We celebrate the big stories everyone is buzzing about after each day of the 2011 NBA Playoffs. In today's edition: Carmelo Anthony is unbelievable, his New York Knicks teammates are not, the cagey Boston Celtics do it again, the old geezers win one in Dallas and the Hawks-Magic series is unbearable.
1. Carmelo Anthony goes into Beast Mode
We've spent so much time this year lamenting what Carmelo Anthony cannot do while forgetting the one thing he is capable of doing that almost nobody else in this league can: take a team on his back and carry them. With Chauncey Billups sidelined and Amar'e Stoudemire crouched to the floor trying to fix his ailing back, Anthony decided to take over, scoring 42 points and grabbing 17 rebounds to keep the Knicks afloat. It wasn't just those numbers that were impressive; it was the fact that Anthony was hitting impossible shot after impossible shot. The only way the Celtics, arguably the league's best defensive team, could guard him was to send waves of double teams his way.
To be honest, though, I got more of a kick out of the way people reacted to Anthony's performance than the performance itself. Marv Albert jogged his memory enough to throw in a reference to Bernard King. Charles Barkley, a man who once dropped 44 and 24 in the Western Conference Finals, said it was one of the best playoff performances he'd ever seen. Adrian Wojnarowski called it "mesmerizing." Something about the narrative -- two big-market teams, an old-time rivalry and the baggage of the Anthony trade in the first place -- propped the performance up even higher than one would expect.
Look, it was great and a lot of fun to watch. But we've seen Anthony hit impossible shots before. We of all people should have known better. We should have known that he has a history of carrying teams on his back offensively in spots where the degree of difficulty is incredibly high. While we shouldn't have expected him to score 42 and grab 17 rebounds, we should have given him a little more credit than we have all season.
2. The rest of the Knicks are party poopers
Of course, when the Celtics double-teamed Anthony, that left it all up to his teammates. Seeing as his teammates didn't include Stoudemire, Billups or super rookie Landry Fields (benched for ineffectiveness), things didn't go so well. The Knicks got a couple unexpected buckets from Roger Mason and Jared Jeffries, but then both players morphed back into Roger Mason and Jared Jeffries. Consider the final possession of the game, which you can see here (via Blazers Edge).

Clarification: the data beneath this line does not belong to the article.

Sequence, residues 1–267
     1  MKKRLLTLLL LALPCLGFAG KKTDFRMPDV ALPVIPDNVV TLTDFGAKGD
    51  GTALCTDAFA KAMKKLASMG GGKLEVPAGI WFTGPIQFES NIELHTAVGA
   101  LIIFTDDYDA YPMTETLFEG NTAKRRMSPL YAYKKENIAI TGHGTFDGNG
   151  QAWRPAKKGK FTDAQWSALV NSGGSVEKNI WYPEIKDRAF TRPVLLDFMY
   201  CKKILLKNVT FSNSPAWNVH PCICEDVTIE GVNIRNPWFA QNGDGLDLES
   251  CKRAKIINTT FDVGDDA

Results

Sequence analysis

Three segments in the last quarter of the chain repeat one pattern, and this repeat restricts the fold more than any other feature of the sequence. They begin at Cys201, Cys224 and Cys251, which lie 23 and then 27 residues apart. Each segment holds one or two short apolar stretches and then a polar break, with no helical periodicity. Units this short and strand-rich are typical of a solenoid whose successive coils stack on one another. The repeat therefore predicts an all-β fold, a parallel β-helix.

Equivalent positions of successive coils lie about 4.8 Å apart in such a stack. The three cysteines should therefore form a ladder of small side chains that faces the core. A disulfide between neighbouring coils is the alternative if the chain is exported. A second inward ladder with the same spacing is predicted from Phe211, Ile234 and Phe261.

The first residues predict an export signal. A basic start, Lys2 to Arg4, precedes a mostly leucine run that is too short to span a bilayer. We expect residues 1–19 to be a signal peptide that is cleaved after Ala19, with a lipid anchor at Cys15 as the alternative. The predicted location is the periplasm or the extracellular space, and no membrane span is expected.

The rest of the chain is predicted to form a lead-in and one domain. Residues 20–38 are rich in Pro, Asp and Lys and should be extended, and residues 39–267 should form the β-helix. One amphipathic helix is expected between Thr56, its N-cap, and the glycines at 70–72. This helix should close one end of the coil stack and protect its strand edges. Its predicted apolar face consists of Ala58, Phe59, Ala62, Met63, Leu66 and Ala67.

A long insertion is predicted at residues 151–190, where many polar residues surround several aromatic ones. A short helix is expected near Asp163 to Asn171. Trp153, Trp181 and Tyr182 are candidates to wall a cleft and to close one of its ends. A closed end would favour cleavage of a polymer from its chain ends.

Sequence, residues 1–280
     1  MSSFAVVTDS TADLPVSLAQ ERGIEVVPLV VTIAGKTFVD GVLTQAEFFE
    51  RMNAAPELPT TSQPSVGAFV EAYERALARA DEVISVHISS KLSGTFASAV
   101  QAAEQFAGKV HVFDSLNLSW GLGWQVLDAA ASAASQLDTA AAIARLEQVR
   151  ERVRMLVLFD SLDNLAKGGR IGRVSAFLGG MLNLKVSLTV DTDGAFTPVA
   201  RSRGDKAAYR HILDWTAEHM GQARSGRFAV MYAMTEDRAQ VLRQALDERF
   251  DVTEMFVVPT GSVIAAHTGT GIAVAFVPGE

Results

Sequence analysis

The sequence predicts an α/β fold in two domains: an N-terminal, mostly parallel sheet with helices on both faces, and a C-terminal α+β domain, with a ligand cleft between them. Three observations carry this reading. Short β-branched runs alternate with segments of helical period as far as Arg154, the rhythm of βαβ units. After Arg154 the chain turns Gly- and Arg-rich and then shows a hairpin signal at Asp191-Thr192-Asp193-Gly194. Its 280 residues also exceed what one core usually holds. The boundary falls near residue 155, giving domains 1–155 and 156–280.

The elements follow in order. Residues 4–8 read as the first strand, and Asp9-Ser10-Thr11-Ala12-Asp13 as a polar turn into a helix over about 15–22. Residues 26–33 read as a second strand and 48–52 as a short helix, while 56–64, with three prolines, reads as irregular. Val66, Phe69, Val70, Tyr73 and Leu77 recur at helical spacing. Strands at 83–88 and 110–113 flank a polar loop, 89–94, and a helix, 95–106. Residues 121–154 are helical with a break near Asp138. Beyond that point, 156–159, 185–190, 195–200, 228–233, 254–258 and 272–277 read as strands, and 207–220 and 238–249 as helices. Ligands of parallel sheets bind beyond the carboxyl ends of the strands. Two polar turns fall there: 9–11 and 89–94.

That play prompted ESPN's Ian O'Connor to write this:
They lost, 96-93, because Anthony threw a pass to a teammate, Jared Jeffries, whose offensive game reminds of a critique the old Temple coach, John Chaney, made of a wayward-shooting North Carolina player who made a play that denied Temple a bygone bid to the Final Four.
Of King Rice, Chaney would say, "We got beat that day by a guy who couldn't sink a shot if you dropped his ass through the rim with the ball in his hands."
3. The cagey, experienced, veteran, cerebral, [insert adjective here] Celtics do it again
By the way, the Celtics won the game. You'd think this didn't happen, given all the attention Anthony received, but yes, it did. For the second straight game, Boston got whatever it wanted in crunch time. First, Kevin Garnett backed down Jeffries for a jump hook without a hint of a double team. Then, they doubled Anthony and got a steal and a timeout from Garnett. Finally, they threw the ball into the backcourt and basically dribbled out the clock. It was a flawless display of execution in "winning time" and reinforced the Celtics as the beacon of good basketball in contrast to the team of stars thrown together at the last minute. All is well in the world.
Except, of course, for the part where the Celtics barely beat a team of Carmelo Anthony and a bunch of scrubs. Let's conveniently gloss over that part.
4. The old geezers win in Dallas
What do you do as an opponent when you let Dirk Nowitzki, Peja Stojakovic and Jason Kidd combine for 72 points in a game? You hope and pray that it's 2003, and that the last eight years were all a dream. For one night, we can credit the brilliance of Mark Cuban for reuniting the 2003 Western Conference All-Star team. Congratulations, Mark Cuban!
Sure, the Mavericks are up 2-0 on the Blazers now, and sure, the whole idea of a team being able to have "bodies" to slow Nowitzki seems kind of silly. But whenever you're counting on Kidd and Stojakovic to shoot a combined 15-24 from the field, are you really that significant of a favorite, even up 2-0? These are questions that will surely be answered in the coming days, especially as the 2003 Western Conference Playoffs roll on. Sorry, I couldn't resist one more joke.
5. Magic-Hawks and the seven-game series that will never end
So how about that emphatic win by the Magic to reassert control in their series over the Hawks? Only 82 points given up? Yeah, you show them who's boss, Orlando. Way to throw the Hawks back into their shell and make them cower in fear of a repeat of the "Semifinal Massacre of 2010."
What's that? You only scored 88 points yourself and you trailed by double digits during the game? Everyone on your team not named Dwight Howard combined to shoot 18-66 from the field? Boy, you sure showed them!
Can this series please end already? No disrespect to Magic and Hawks fans, but unless you're one of those people who subscribe to the idea that PLAYOFF BASKETBALL is supposed to be ugly, you're probably focusing your energy elsewhere.